The Red Cross in Taiwan must return NT$3.2 million (US$97,300) in government subsidies to the Ministry of the Interior (MOI), the ministry said yesterday, adding that the non-governmental organization (NGO) had spent government subsidies received from 2002 to last year improperly.
The ministry's director of civic affairs, Tseng Chung-ming (曾中明), said in a statement yesterday that his department had sent an official notice, dated Aug. 8, to the Red Cross Society of the Republic of China demanding that NT$3.2 million in government subsidies be returned to the interior ministry.
The announcement yesterday followed a ministry investigation into the local Red Cross' finances that began when two ministry auditors visited the organization's headquarters on April 11 to review how it had spent subsidies earmarked for "disaster relief" and "office operations," the notice states.
How disaster relief and office operations subsidies are to be used, the statement said, "is clearly defined."
"The ministry has discovered that, from 2002 to last year, some portions of the subsidies weren't used according to the relevant regulations," the statement added, without elaborating.
The notice says that some receipts documenting usage of the subsidies had not been properly stamped by local Red Cross authorities, while some money was used to purchase fire insurance, fund business trips to China and offset asset depreciation, among other unauthorized expenses.
The ministry will now require the Red Cross to submit receipts and other documents pertaining to the usage of government subsidies to the ministry for review, the statement said.
Earlier yesterday, Democratic Progressive Party Legislator Wang Jung-chang (王榮璋) held a press conference during which he showed a copy of a notice issued by the MOI which requested that the Red Cross return the sum.
"All other non-governmental organizations have to return their leftover subsidiary funds to the government. They are not permitted to save it for future use," Wang said.
Wang said financial statements released by the Red Cross revealed that 30 percent of an annual disaster relief fund had been used for administrative expenses from 2003 until last year.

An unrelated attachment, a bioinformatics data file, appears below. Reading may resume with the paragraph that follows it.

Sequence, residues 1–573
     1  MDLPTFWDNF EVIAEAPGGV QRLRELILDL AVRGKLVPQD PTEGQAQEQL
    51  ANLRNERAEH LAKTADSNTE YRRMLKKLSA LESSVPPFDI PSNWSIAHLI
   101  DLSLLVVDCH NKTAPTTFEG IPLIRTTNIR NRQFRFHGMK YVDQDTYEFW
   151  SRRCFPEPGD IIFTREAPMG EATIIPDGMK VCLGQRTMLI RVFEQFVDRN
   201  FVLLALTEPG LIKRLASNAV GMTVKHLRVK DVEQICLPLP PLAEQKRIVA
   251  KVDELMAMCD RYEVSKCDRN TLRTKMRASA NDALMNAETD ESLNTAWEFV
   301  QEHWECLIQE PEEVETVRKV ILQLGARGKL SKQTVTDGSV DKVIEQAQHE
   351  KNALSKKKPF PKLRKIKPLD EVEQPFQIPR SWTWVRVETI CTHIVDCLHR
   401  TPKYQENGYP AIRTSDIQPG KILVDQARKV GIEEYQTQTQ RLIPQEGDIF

"But according to the ministry's subsidiary usage guidelines, administrative expenses may not exceed 5 percent of the money," Wang said.
Representatives from other NGOs attending the news conference decried the large subsidy to the Red Cross as being unfair.
"We're always worried when we apply for funding from the government, as our applications are often turned down," said Lin Chin-hsing (
"We're all working for the good of the public, no one should be privileged over others," he said, adding that it was unfair for the Red Cross to be granted more resources than other NGOs.
However, Red Cross spokesman Chen Shi-jen (
"We've been receiving government subsidies for 13 years, and had our financial statements checked by the government every year," Chen said. "We never had any problems."
Chen said that government subsidies for the Red Cross "do not have a designated usage."
The Red Cross does enjoy a special status "because we're the only NGO founded by law and required to collaborate with the government in all disaster relief efforts," Chen said, referring to the Red Cross Act of the Republic of China (
The act was passed in 1954 to create the Red Cross as an NGO with a special status that collaborates with the government in humanitarian aid efforts and receives government subsidies.
In response to the Red Cross' insistence that no improprieties have occurred in its 13 years of receiving government subsidies, the MOI said that "the standards by which the interior ministry subsidizes NGOs are consistent, and the Red Cross must abide by them."
Chen said the Red Cross had not yet received the MOI's notice to return the money, but could appeal once it has been delivered.